CFT Teaching Guides Week: Day 1
Here at the Center for Teaching, we’re always having conversations around best teaching practices that promote student learning, and we look to develop content that shares these reflections and conversations in the form of our teaching guides and blog posts. Now that the academic year has come to a “close”, we’re excited to look back and share the teaching guides that have been created this year in what we’re calling the “CFT Teaching Guides Week”! Our hope is that these teaching guides can serve as a resource for colleagues at Vanderbilt and in our broader teaching communities, who are either also looking back at their own classroom experiences from the year or are already looking ahead and planning for next year. We think you will find these resources thought-provoking, useful, and informational, and we hope you’ll share them and come back to them often!
Day 1: Increasing Inclusivity in the Classroom
Our first featured teaching guide was born out of the Center for Teaching’s theme this past year, “Teaching, Difference, and Power”, which explored issues of difference and inequality in the classroom and strategies for creating a more inclusive classroom environment for students. The challenge of confronting difference and inequality in higher education is difficult and complex, but at the heart of this challenge lies in the classroom. For this reason, the CFT has created spaces this year in which those challenging conversations could happen, in the hope that these conversations could lead to avenues for change, both in and out of the classroom.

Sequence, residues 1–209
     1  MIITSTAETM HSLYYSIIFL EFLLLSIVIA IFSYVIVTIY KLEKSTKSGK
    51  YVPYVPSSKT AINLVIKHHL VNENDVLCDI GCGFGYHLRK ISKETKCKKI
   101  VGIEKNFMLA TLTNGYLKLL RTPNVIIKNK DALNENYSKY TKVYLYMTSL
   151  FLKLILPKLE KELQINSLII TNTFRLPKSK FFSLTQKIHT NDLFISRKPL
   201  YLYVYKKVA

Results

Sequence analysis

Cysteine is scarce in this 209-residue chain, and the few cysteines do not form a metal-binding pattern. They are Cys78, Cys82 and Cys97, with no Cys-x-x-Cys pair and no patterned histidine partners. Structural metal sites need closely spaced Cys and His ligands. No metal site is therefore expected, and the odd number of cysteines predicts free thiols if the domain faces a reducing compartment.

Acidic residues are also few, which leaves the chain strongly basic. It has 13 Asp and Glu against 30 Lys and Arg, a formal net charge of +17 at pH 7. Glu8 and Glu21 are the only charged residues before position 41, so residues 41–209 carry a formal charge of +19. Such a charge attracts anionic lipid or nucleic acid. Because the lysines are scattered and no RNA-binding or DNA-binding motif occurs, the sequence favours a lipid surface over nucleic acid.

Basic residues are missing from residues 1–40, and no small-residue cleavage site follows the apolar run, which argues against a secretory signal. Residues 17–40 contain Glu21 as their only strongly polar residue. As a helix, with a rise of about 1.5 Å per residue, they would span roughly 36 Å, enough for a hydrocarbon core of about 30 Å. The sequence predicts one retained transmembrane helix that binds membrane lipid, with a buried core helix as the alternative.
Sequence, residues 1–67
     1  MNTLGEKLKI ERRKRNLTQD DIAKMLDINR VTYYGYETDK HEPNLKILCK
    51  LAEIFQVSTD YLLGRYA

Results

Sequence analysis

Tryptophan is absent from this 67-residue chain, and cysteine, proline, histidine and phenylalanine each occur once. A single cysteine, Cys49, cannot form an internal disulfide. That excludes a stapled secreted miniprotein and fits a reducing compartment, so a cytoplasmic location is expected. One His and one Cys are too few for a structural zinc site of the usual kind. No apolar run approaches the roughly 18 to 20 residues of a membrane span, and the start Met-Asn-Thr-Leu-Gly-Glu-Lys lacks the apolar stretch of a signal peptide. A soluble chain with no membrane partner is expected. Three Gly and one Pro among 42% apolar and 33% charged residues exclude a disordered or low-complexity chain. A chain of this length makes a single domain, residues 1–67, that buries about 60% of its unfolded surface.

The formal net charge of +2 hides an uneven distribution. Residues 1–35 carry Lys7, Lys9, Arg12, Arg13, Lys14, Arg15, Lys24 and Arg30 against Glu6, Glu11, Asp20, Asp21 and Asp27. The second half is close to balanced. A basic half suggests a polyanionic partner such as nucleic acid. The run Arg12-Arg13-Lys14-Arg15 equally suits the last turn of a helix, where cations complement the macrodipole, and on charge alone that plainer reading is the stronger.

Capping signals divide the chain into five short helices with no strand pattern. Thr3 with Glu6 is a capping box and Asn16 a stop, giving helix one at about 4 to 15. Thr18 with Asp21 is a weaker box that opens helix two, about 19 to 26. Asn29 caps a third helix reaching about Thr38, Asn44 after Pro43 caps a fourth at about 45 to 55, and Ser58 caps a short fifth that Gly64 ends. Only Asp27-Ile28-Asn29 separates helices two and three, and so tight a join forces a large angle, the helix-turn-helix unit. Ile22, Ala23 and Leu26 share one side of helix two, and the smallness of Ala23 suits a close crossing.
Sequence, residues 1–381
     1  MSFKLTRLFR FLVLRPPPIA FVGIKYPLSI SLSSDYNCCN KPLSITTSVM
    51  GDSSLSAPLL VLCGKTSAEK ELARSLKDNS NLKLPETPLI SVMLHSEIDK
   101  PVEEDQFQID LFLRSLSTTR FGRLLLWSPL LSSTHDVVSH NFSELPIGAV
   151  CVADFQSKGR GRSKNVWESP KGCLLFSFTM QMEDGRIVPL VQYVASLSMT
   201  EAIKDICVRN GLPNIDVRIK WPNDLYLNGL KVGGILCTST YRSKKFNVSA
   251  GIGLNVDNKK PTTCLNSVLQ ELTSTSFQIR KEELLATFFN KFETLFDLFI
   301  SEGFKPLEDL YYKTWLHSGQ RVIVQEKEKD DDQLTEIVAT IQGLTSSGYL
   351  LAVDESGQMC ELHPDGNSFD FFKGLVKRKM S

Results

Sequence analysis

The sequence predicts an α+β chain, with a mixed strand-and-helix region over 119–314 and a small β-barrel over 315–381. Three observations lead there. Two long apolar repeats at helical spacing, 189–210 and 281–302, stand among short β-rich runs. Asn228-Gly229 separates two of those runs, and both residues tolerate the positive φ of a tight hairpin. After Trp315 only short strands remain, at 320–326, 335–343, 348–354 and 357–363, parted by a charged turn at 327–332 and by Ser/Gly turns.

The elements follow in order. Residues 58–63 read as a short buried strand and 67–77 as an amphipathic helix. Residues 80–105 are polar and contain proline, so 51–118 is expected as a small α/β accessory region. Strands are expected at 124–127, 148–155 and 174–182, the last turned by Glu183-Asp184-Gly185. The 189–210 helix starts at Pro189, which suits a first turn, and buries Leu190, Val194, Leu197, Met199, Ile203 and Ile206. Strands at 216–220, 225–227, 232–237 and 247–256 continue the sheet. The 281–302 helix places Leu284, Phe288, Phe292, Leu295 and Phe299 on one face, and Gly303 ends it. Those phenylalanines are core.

Alongside other CFT theme programming, including the Graduate Student Learning Community, Faculty Learning Community, and the CFT Symposium, we created a teaching guide titled “Increasing Inclusivity in the Classroom”, written by former Graduate Teaching Fellow, Andrew Greer. The teaching guide seeks to establish a framework for what an inclusive classroom and inclusive teaching look like, as well as highlighting why inclusivity in the classroom is important. If you, like us, are thinking about how to make your classroom a more equitable space for all students, this teaching guide is a great place to start.
As always, we appreciate your feedback, so if you would like to share your experiences and/or advice and resources with us, please do so in the comment section below!
Featured Image: “Teach/Learn,” Duane Schoon, Flickr (CC-BY)